MYLENE Sanchez, 42, pushes a cart to sell coconuts. Through her BanKo loan, she now has a fleet of 12 carts and she was even able to put up a sari-sari store in her home. She earns P8,000 weekly from the carts and an additional P1,000 daily from the store. She now employs extra hands as vendors.
Leticia Reyes, 63, sews pre-cut pieces of garment for a living. She borrowed from BanKo what she needed to buy additional sewing machines and to fix her place of business. She is now an employer of five and earns P10,000 a week, ten per cent more than what she used to make.
With no prior access to bank services, Mylene Sanchez and Leticia Reyes are typical of the 103,166 self-employed micro-entrepreneurs (SEMEs), who have been assisted since 2016 by BPI Direct BanKo (BanKo). BanKo, a wholly-owned subsidiary of Bank of the Philippine Islands (BPI), has made it its mission to provide proper financial service to these SEMEs, who otherwise had to go to the informal lenders or the so-called “5-6”.
The number of unbanked is staggering, as a 2017 Bangko Sentral study showed, and BanKo is determined to do its share in alleviating the situation. Simon Paterno, who served as BanKo chairman up to December 31, 2019, spelled out the bank’s vision. “We hope to build a better country for every Filipino. Our end goal is to be able to support and capacitize SEMEs financially, by granting access to easy, convenient and affordable loan products to grow their business and help them contribute to the economic growth of the country.”
Pursuant to this vision, Jerome B. Minglana, BanKo president, implemented BanKo’s aggressive growth from only 10 pilot branches in 2016 to 300 branches nationwide in 2019. Of these, 100 branches opened in 2019 alone. More than 50% of BanKo’s branches and branch-lite units are located in 171 town centers in North and South Luzon, 2 in Metro Manila, while the rest are distributed throughout 71 municipalities in Visayas and 56 in Mindanao. Just on its third year of microfinance operations, BanKo has grown its loan portfolio by leaps and bounds, from P110 million in 2016 to P4.3 billion in 2019. From only 2,500 clients in 2016, its clientele is now 103,166 and growing. In the process, BanKo has also created 3000 new jobs within the bank.
In 2019, in line with its financial inclusion and literacy drive, BanKo launched 53 separate BanKo Palengke Caravans in market places throughout the country. During those caravans, BanKo’s financial advisers – known as BanKoMare and BanKoPare – tried to educate SEMEs on how they can better manage their finances, grow their businesses, and gain access to products and services that would meet their financial needs.
Rodolfo Mabiasen, Jr., BanKo Microfinance Loan Head, said BanKo offers its flagship NegosyoKo loan, ranging from P25,000 to P300,000, with 2% to 2.3% interest rate per month. This is arguably the lowest rate offered by any microfinance institution for similar facilities. Targeted are SEMEs who have been in business for at least two years. For now, BanKo concentrates on SEMEs engaged in food services (bakeries, palengke stalls, carinderias and sari sari stores), manual services (beauty shops/barber shops) and manufacturing (garments and handicraft). Loans amounting to P150,000 and below are collateral free. Customers can have their loans released within seven banking days upon submission of complete requirements.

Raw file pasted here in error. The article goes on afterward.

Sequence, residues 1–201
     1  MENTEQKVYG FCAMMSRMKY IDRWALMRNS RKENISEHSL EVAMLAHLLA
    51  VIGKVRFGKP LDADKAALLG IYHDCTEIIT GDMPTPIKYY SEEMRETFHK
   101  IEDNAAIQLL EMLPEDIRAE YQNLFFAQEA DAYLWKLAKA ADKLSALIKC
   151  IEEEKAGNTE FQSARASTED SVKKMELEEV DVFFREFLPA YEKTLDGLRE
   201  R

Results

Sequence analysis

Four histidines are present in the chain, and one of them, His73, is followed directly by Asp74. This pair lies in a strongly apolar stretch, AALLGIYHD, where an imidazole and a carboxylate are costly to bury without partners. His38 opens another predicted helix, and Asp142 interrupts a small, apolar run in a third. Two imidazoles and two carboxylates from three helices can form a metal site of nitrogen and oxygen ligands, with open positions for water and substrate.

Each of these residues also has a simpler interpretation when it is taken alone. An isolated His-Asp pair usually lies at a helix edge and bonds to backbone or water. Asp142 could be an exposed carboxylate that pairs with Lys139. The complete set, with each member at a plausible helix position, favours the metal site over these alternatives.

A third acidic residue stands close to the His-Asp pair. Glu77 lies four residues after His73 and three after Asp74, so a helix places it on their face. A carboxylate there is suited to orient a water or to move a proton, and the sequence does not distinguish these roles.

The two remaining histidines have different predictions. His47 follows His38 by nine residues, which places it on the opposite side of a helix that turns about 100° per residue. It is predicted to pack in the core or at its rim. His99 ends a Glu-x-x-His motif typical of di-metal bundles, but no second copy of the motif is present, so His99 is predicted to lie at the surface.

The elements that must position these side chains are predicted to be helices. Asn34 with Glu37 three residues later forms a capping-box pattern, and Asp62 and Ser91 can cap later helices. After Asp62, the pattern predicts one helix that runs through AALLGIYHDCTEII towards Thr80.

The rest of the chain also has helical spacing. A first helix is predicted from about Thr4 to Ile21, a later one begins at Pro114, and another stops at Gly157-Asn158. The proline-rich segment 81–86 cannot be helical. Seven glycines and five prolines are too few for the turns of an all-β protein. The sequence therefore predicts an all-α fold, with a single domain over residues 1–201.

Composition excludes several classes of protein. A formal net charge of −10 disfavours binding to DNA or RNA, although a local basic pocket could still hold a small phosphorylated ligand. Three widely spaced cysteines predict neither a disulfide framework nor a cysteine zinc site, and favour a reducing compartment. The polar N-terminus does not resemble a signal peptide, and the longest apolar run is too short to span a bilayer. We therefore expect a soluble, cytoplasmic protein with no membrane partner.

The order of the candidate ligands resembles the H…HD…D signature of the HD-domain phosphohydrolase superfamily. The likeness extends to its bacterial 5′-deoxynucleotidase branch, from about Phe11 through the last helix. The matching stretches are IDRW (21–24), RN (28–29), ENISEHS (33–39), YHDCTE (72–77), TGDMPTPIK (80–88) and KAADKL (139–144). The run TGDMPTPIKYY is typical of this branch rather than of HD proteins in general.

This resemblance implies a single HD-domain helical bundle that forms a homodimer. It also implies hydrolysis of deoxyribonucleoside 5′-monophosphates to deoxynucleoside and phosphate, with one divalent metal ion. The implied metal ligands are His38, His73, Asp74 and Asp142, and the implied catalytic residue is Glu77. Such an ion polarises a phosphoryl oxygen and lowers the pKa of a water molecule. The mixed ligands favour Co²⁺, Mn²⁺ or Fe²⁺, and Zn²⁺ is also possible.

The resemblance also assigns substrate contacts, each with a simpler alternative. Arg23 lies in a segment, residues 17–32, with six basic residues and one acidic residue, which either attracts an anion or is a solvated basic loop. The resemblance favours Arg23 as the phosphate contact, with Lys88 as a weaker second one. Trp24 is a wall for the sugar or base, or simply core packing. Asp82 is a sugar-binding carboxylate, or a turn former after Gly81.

BanKo waives the usual documentary requirements which normally discourage or disqualify SEMEs from borrowing from banks. Minglana suggests, however, some alternatives so that micro entrepreneurs will find it easier to avail of loans:
1) It is ideal to get some form of formalized permit, like a barangay permit or a mayor’s permit. 2.) If possible, one must have an official address for their place of business. 3) SEMEs are urged to keep a record of business transactions, such as a simple log of daily sales and receipts. 4) Applicants must have at least some form of savings.
But more than capacity to pay, BanKo considers the character of a potential client. “We ask questions that pertain to their lifestyle, as well as how they are perceived in the community and in the market they operate in,” Minglana said.
As of January 2020, BanKo’s Board of Directors is composed of the following: Marie Josephine M. Ocampo, chairman; Simon R. Paterno, Natividad N. Alejo, Jose Fernando B. de Luzuriaga, Rodolfo K. Mabiasen, Jr, Jerome B. Minglana, Aurelio R. Montinola III, Jesus V. Razon, Jr. and this writer, directors.
Jerome B. Minglana, president and Rodolfo K. Mabiasen, Jr., Microfinance head, lead the senior management.
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